# How does one go about proving the fundamental theorem of calculus?

## Question:

How does one go about proving the fundamental theorem of calculus?

## The Fundamental Theorem of Calculus:

The Fundamental Theorem of Calculus is used every time that an integral is evaluated, either as an indefinite integral without limits, or as a definite integral with specified limits. The theorem has two parts. The theorem is stated below:

{eq}\text{The Fundamental Theorem of Calculus:} {/eq}

1) Let {eq}f {/eq} be a continuous function defined on the real interval {eq}[a,b] {/eq}.

If the function {eq}F {/eq} is defined on {eq}[a,b] {/eq} as

{eq}\displaystyle F(x) = \int_a^x f(t) \; dt {/eq}

then {eq}F {/eq} is an antiderivative of {eq}f {/eq}. i.e. {eq}F'(x) = f(x) ,\; x \in[a,b] {/eq}.

2) If {eq}G {/eq} is an antiderivative of the continuous function {eq}f {/eq} defined on {eq}[a,b] {/eq} then,

{eq}\displaystyle \int_a^b f(x) \;dx = \bigg[ G(x) \bigg]_a^b = G(b) - G(a) {/eq}.

We use other theorems such as the Average Value theorem in our proof of the Fundamental Theorem of Calculus.

The proof ought to be in any Calculus textbook. However we repeat the proof as it is asked as a question.

Proof of the Fundamental Theorem of Calculus:

1) By the definition of the derivative of the function {eq}F(x) {/eq} we have,

{eq}\begin{align*} F'(x) &= \lim\limits_{h \to 0} \frac{ F(x+h) - F(x)}{x + h - x} \\ \end{align*} {/eq}

By definition of the function {eq}F(x) {/eq} in the statement of the theorem, we have,

{eq}\begin{align*} F(x) &= \int_a^x f(t) \; dt \\ \end{align*} {/eq}

Applying this to the definition of the derivative of {eq}F(x) {/eq} we get,

{eq}\begin{align*} F'(x) &= \lim\limits_{h \to 0} \frac{ 1}{h} \bigg[ \int_a^{x+h} f(t) \; dt - \int_a^{x} f(t) \; dt \bigg] \; &&\text{(1)}\\ \end{align*} {/eq}

The integrals over subintervals can be added to form the integral over the union of the intervals, therefore we have,

{eq}\begin{align*} \int_a^{x+h} f(t) \; dt &= \int_a^{x} f(t) \; dt +\int_x^{x+h} f(t) \; dt \end{align*} {/eq}

Hence we can write the equation (1) as,

{eq}\begin{align*} F'(x) &= \lim\limits_{h \to 0} \frac{ 1}{h} \bigg[ \int_a^{x} f(t) \; dt + \int_x^{x+h} f(t) \; dt - \int_a^{x} f(t) \; dt \bigg] \\ F'(x) &= \lim\limits_{h \to 0} \frac{ 1}{h} \bigg[ \int_x^{x+h} f(t) \; dt \bigg] \; &&\text{(2)}\\ \end{align*} {/eq}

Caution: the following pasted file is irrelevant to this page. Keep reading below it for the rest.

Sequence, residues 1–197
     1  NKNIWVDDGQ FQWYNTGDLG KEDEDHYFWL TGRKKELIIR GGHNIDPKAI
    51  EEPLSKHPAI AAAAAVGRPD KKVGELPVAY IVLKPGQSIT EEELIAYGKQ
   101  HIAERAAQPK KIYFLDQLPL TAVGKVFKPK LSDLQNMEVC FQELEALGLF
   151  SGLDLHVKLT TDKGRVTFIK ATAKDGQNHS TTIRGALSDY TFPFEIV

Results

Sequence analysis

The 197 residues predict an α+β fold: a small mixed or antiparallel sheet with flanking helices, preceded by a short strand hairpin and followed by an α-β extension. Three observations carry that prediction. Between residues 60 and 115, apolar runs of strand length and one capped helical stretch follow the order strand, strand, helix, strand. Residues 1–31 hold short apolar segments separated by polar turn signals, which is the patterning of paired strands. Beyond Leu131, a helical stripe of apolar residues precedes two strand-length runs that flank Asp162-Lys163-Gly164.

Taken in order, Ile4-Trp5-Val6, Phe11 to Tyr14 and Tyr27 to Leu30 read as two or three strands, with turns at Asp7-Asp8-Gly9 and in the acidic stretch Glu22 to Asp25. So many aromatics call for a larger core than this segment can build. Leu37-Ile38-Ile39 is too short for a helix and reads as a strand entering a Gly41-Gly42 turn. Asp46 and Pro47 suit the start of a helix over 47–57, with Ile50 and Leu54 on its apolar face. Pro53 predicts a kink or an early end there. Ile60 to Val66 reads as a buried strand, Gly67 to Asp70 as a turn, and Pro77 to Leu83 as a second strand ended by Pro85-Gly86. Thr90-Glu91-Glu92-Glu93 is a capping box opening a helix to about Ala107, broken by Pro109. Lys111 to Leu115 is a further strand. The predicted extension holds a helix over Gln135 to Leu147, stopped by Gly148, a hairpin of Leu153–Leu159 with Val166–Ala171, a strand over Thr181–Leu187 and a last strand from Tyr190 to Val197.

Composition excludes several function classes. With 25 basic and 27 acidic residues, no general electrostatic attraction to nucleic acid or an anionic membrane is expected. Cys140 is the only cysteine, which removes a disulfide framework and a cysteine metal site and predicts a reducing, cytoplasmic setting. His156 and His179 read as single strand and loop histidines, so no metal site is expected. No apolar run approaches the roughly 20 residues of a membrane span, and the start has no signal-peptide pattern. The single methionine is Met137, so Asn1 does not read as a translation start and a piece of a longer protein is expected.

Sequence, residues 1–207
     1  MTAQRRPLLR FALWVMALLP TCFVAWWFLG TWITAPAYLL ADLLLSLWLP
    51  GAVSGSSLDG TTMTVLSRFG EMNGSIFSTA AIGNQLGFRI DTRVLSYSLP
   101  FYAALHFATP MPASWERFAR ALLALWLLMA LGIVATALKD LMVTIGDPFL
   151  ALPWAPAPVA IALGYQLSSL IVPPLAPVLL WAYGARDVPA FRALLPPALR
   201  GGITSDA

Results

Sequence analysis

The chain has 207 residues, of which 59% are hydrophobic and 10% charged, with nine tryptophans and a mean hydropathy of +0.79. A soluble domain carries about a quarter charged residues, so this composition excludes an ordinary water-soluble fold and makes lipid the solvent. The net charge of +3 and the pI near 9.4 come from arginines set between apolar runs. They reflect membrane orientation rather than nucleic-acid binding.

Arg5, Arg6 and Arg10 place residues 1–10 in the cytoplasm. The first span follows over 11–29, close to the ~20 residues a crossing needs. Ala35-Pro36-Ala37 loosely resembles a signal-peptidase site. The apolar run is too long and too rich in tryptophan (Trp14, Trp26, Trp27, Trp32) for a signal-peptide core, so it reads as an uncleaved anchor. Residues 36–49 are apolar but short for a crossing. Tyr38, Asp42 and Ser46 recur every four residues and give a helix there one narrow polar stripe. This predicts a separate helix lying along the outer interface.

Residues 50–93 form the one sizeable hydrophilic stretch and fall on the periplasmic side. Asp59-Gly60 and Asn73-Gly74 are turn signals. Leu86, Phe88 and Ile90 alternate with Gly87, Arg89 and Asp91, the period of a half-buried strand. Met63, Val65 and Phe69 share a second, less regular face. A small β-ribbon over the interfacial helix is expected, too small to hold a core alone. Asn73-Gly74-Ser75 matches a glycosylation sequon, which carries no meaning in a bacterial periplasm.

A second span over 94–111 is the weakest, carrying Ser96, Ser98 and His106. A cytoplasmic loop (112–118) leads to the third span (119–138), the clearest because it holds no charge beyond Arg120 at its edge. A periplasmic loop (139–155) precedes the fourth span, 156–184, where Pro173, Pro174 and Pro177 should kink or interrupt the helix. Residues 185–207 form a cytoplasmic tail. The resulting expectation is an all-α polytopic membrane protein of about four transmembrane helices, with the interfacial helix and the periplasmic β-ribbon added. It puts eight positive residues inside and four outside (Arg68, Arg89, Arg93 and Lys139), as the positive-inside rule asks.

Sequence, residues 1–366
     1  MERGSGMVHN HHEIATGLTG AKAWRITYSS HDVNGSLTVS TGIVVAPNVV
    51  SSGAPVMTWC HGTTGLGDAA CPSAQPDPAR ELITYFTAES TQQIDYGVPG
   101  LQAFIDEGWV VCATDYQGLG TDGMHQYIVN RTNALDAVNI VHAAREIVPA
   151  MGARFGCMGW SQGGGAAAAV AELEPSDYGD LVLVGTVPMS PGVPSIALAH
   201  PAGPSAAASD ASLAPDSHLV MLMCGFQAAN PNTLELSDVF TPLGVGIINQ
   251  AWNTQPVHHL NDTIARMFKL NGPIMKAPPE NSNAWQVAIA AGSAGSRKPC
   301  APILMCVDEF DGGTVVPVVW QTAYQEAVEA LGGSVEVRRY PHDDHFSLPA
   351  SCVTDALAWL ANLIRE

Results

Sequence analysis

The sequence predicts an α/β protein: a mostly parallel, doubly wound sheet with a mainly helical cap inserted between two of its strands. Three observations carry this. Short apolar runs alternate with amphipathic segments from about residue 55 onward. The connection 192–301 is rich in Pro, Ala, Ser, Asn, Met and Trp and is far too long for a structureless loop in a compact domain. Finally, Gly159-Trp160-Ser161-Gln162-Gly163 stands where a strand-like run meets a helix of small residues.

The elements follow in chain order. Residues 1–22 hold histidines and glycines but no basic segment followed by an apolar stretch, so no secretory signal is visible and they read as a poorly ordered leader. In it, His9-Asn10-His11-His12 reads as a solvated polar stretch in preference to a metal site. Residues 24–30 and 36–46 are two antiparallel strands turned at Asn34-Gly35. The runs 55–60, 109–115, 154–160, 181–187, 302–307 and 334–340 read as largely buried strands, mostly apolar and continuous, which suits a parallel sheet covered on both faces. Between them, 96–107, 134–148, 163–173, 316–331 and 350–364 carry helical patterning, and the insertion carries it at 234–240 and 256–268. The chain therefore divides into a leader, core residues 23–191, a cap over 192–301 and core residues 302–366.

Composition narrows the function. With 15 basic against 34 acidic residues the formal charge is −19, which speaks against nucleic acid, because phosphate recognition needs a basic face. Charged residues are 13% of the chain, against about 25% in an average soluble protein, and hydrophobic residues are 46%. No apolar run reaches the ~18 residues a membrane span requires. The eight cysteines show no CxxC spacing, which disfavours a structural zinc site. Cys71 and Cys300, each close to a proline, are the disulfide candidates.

By the Average Value Theorem, the integral

{eq}\displaystyle \frac{ 1}{h} \bigg[ \int_x^{x+h} f(t) \; dt \bigg] = f(\bar{t}) {/eq},

the average value of the function {eq}f(x) {/eq} for some {eq}\bar{t} \in [x, x+ h] {/eq}

Therefore we can write equation (2) as,

{eq}\begin{align*} F'(x) &= \lim\limits_{h \to 0} f(\bar{t}) \; &&\text{(3)}\\ \end{align*} {/eq}

Since, {eq}\bar{t} \in [x, x + h] {/eq}, we must have, {eq}h \to 0 \Longrightarrow \bar{t} \to x {/eq}.

Therefore equation (3) becomes,

{eq}\begin{align*} F'(x) &= \lim\limits_{\bar{t} \to x} f(\bar{t}) = f (x)\\ \end{align*} {/eq}

Hence we have proved part 1) of the theorem.

2) We are given that {eq}G(x) {/eq} is an antiderivative of the function {eq}f(x) , \; x \in [a,b] {/eq}. From part 1) we are also given that {eq}F(x) {/eq} is an antiderivative of the function {eq}f(x), \; x \in [a,b] {/eq}.

Hence we must have the relation,

{eq}G(x) = F(x) + C {/eq}

for some constant of integration, {eq}C {/eq}.

To find the value of {eq}C {/eq} we evaluate the function at the end points {eq}[a, b] {/eq}, using the definition of {eq}F(x) {/eq}.

We have,

{eq}\begin{align*} F(x) &= \int_a^x f(t) \; dt \\ F(a) &= \int_a^a f(t) \; dt = 0 \end{align*} {/eq}

Substituting the above result in the relation we get,

{eq}G(a) = F(a) + C \Longrightarrow G(a) = C {/eq}

From the definition of the function, we also have,

{eq}\begin{align*} F(x) &= \int_a^x f(t) \; dt \\ F(b) &= \int_a^b f(t) \; dt \end{align*} {/eq}

Substituting the above result in the relation we get,

{eq}\begin{align*} G(b) &= F(b) + C \Longrightarrow G(b) = \int_a^b f(t) \; dt + G(a) \\ G(b) - G(a) &= \int_a^b f(t) \; dt \end{align*} {/eq}

Thus we have proved the second part of the theorem.